NIH estimates it provided $103 million for research using human fetal tissue in 2018. HHS in September began to audit all department contracts that involve human fetal tissue. It has already canceled a $15,900 Food and Drug Administration contract that also used fetal tissue to develop humanized mice.

The contract between UCSF and NIH’s National Institute for Allergy and Infectious Diseases (NIAID) is extendable, year by year, through 2020. (The most recent year of the contract expired late in November, and the 1-year renewal was required by today, according to NIH’s RePORTER database.) Under it, researchers use immune tissues from electively aborted fetuses that would otherwise have been discarded to create mice with humanlike immune systems that are used to evaluate potential HIV drugs. (Such mice are also used to study other dangerous infectious diseases, like Ebola and Marburg.)

Admiral Brett Giroir, U.S. assistant secretary for health, is heading a government review of human fetal tissue research.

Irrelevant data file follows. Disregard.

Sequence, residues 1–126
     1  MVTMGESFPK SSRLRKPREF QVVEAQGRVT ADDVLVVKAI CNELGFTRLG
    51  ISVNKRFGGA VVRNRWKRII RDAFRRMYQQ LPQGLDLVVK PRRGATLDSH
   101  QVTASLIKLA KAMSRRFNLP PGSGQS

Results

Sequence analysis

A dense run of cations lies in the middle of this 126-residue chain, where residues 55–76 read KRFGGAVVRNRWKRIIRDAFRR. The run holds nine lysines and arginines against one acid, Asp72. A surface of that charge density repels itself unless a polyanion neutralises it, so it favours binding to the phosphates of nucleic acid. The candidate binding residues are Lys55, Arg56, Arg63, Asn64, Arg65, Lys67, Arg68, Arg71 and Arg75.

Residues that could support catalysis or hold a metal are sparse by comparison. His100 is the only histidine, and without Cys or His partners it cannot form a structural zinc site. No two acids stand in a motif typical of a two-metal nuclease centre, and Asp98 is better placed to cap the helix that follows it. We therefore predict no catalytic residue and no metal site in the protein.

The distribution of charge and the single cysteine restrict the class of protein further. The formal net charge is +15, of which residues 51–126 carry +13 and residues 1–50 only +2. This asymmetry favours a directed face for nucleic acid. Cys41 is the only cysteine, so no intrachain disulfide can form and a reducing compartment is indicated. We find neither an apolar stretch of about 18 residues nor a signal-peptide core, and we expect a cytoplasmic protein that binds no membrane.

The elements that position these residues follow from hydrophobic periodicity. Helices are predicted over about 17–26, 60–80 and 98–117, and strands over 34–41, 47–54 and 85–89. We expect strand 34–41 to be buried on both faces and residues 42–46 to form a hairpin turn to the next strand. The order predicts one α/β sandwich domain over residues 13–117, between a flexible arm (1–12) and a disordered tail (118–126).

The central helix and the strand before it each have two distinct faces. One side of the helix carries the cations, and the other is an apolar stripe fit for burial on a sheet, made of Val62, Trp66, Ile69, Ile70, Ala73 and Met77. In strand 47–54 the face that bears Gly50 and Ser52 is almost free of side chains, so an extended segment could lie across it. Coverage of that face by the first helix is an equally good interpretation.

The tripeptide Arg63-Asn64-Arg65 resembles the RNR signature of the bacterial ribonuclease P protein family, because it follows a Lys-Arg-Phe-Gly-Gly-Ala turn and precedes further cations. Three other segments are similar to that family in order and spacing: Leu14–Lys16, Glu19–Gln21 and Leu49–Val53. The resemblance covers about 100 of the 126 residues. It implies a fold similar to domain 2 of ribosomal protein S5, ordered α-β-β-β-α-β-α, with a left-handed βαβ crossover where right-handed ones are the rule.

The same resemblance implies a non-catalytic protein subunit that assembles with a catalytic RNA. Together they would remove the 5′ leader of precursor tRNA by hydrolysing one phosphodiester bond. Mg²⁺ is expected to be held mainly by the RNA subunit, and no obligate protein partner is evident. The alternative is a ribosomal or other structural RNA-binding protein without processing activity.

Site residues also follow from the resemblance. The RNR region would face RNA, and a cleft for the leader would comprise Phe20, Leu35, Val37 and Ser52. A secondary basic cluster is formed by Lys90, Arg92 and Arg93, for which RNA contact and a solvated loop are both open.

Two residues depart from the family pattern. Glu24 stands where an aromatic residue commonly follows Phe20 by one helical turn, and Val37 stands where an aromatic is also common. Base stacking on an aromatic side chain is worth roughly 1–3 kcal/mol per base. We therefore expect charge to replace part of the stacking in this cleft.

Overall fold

Texas A&M University System/Wikimedia Commons

If the contract is killed, “we are all going to lose the kind of research that is important to fight an epidemic that we still can’t cure and still can’t vaccinate against,” says Irving Weissman, an immunologist at Stanford University in Palo Alto, California, who has long used such mice for HIV studies.

But opponents of fetal tissue use say the scrutiny is welcome. “Irv Weissman says there is no alternative,” says David Prentice, research director at the Charlotte Lozier Institute in Arlington, Virginia, which opposes human fetal tissue research. “But there is at least one publication that shows neonatal thymus produces a better humanized mouse.” He pointed to this paper in Stem Cell Reports, in which humanized mice were developed using thymuses obtained from newborn babies who had undergone surgery to repair congenital heart defects.